November 29, 2021

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Bianca Andreescu takes a pass on BJK Cup Finals

Fernandez

If the Canadian Billie Jean King Cup team ever had its best and brightest healthy, in form and ready to represent all at the same time, what a formidable force it would be.

But that has rarely happened.

And so US Open finalist Leylah Fernandez, just 19, will lead the Canadian contingent at the Billie Jean King Cup finals, scheduled for Prague the first week of November.

Fernandez vs. Olga Danilovic in the win over Serbia in April (Sportsnet.ca)

Genie Bouchard, whose appearances had been sporadic in recent years, is rehabbing after shoulder surgery.

And top-ranked Canadian Bianca Andreescu has decided to take a pass.

The official quote from Andreescu:

“After careful consideration and consulting with my team, I have taken the decision to not play in the Billie Jean Cup Finals in November. I will attempt to finish these last few tournaments of the year in strong fashion, and then will focus on having a very good off-season training block in order to be fully prepared for the 2022 season. I will be playing the Billie Jean King Cup event next year and wish Team Canada all the best for this year’s edition!”

Andreescu: not since Feb. 2019

Andreescu last represented Canada in Feb. 2019, when she won both her singles matches against the Netherlands in a Group II quarterfinal.

She was on the team that lost to Switzerland early in 2020 – a rather optimistic selection since she was still dealing with the knee injury that ended up keeping her on the sidelines for all of 2020.

But she didn’t play.

Bouchard was also on that squad. But she injured her left wrist the day before the tie was to begin.

Andreescu was to lead the team last April against Serbia. But she injured her foot in the Miami Open final against Ashleigh Barty shortly before the tie. She had to retire, and subsequently pulled out of the Billie Jean Cup tie.

Understaffed team must step up

Team Canada in Biel, Switzerland in 2020 Several notable faces will be missing for the 2021 Finals. (Photo: Urs Lindt/freshfocus)

As much giddy publicity as Canadian tennis has received in the wake of Fernandez’s run to the US Open final (as well as Félix Auger-Aliassime’s semifinal effort on the men’s side), the squad that will head to Prague will have to be plucky and a little lucky.

In a pool group with France and the Russian Federation, it will field just one player ranked in the top 150 in singles.

In addition to Fernandez, who has always brought her best since she began representing Canada, the second singles player will be the resurgent Rebecca Marino.

Marino, 30, is playing the qualifying at Indian Wells this week and currently is ranked No. 157.

Also on the team is doubles stalwart Gabriela Dabrowski.

And in a blast from the past, the fourth and final member of the team (each country is allowed to nominate five) will be … Françoise Abanda.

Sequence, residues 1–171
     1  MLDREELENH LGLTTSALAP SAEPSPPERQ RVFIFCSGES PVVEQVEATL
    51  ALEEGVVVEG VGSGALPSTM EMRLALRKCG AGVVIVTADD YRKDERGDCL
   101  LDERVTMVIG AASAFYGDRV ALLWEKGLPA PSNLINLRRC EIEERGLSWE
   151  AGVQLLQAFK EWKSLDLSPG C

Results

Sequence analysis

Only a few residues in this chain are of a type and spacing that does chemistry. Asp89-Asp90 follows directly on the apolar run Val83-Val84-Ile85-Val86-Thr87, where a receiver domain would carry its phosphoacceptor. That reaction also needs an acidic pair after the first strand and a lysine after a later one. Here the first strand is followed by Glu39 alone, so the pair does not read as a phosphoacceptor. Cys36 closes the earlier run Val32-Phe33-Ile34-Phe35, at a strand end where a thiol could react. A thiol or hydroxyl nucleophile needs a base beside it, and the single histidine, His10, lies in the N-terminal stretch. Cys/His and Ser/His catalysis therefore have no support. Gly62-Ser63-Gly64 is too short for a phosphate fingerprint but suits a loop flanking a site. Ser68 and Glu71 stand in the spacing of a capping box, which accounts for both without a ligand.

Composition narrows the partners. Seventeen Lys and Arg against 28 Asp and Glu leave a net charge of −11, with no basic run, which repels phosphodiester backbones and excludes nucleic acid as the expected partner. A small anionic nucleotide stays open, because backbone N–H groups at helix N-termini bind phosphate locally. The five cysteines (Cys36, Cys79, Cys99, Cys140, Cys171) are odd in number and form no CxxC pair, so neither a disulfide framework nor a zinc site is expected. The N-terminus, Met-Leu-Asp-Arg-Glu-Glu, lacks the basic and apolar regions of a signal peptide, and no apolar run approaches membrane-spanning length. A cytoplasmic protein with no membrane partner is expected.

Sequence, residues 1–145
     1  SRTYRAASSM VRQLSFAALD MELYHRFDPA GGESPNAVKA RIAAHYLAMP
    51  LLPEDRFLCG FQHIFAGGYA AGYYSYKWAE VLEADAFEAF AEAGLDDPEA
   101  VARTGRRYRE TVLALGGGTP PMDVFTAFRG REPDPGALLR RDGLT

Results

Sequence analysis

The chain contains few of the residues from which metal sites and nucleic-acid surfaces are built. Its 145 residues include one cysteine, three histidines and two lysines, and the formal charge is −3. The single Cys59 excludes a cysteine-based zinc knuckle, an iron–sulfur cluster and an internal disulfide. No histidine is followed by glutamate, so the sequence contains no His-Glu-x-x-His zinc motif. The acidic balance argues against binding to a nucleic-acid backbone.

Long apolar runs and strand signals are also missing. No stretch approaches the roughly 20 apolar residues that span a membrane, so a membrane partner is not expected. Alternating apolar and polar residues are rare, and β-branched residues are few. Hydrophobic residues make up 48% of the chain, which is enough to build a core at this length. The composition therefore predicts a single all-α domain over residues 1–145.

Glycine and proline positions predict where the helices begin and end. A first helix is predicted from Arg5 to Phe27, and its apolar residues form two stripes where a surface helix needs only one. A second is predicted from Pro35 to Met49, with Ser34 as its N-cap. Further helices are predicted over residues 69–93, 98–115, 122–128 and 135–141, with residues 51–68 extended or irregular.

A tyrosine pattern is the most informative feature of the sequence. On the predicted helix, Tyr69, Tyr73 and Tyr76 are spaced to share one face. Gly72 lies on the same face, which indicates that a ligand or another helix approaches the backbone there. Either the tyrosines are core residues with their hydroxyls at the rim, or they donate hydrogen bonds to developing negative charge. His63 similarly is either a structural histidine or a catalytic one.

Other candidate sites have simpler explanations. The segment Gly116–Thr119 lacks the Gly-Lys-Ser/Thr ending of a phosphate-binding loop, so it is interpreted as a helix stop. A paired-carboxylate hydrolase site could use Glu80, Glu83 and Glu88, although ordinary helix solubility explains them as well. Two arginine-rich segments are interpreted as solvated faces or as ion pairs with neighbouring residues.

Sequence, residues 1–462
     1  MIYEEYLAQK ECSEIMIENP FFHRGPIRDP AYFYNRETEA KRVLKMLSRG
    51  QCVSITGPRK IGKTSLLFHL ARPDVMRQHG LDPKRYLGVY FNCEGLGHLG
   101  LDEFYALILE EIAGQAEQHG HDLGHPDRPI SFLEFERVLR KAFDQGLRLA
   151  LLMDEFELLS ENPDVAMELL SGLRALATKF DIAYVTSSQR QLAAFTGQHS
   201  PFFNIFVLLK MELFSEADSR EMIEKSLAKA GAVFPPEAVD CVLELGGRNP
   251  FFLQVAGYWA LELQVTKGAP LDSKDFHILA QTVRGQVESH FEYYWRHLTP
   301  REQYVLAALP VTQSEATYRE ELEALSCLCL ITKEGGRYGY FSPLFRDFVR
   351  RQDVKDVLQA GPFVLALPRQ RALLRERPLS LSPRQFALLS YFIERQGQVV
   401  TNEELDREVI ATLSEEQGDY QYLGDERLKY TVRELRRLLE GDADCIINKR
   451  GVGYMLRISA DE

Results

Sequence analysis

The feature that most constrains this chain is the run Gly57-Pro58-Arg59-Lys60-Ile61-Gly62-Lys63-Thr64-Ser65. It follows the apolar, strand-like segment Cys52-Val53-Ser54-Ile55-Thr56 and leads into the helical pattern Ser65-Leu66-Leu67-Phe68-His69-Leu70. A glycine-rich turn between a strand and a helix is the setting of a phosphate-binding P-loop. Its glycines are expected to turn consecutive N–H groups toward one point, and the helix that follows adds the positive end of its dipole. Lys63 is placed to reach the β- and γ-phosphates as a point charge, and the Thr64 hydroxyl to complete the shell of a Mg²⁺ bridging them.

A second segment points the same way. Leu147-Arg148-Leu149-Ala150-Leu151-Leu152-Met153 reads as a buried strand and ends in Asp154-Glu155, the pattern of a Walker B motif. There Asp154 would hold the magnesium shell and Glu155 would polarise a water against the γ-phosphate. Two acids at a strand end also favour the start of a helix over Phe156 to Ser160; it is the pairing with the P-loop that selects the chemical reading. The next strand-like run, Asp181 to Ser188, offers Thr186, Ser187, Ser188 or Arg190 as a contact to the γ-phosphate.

Abanda returns after two-year absence

Abanda, still just 24, has dropped off the scene in a significant way during the pandemic.

She is currently ranked No. 341, and has played just four tournaments since the pandemic shut the Tour down in March, 2020.

Abanda didn’t return to the court until the end of Jan. 2021, when she played the qualifying at a $60K ITF in Rome, Georgia.

A few weeks later, the played the qualifying at a $25K ITF in Orlando, Florida.

Abanda faces Romania back in 2015, when she was just 18.

Abanda suffered a pretty tough bout of COVID-19 last winter.

She didn’t return to play until August, when she received a wild card into the qualifying of the National Bank Open in Montreal. She gave Caroline Garcia a good battle, but lost in two close sets.

Abanda played her first main-draw match since the pandemic at the WTA 250 in Chicago, just before the US Open. Through Tennis Canada, she received a wild card into that event and defeated Danka Kovinic of Montenegro in the first round. She then lost 6-3, 6-2 to Kristina Mladenovic.

And she hasn’t played since.

Abanda, who has played well both at tournaments in Canada and representing her country, will be making her first BJK Cup appearance since Feb. 2019, when it was still called the Fed Cup.

Canada got a free pass to the final

The Canadians weren’t originally scheduled to play in the BJK Cup finals.

The revamped event had been announced for Budapest in 2020 with great fanfare for 2020. But the pandemic scuttled those plans.

It was switched at a late date this year to Prague. So the Hungarians are out as the wild card host nation.

As the highest-ranked winning nation out of last April’s playoffs, Canada, which defeated Serbia, was promoted to the finals.

Fernandez’s two victories in singles were the lynchpin of that victory over Serbia.

Captain Heidi el Tabakh absent

Also not on hand for the tournament will be captain Heidi el Tabakh.

El Tabakh’s wedding, which was postponed because of the pandemic, is happening next month.

BJK Cup captain Heidi el Tabakh’s imminent wedding will prevent her from taking the captain’s chair for the BJK Cup final next month.

Replacing her will be Tennis Canada’s “Head of women’s transition and pro tennis”, Sylvain Bruneau.

Bruneau was the longtime Fed Cup captain before el Tabakh. He also is Andreescu’s former personal coach.

France, Russia announce nominations

Canada’s opening tie will be against France, which won the last Fed Cup/Billie Jean King Cup final down in Australia in 2019.

The squad will be missing stalwart Kristina Mladenovic, who announced a few days ago she was ending her season.

Stepping up will be the Garcia, Alizé Cornet, Clara Burel and Fiona Ferro.

Russia will be even more formidable.

It will have its five top-ranked players on the team – all ranked inside the top 50.

The remainder of the nominations can be found here.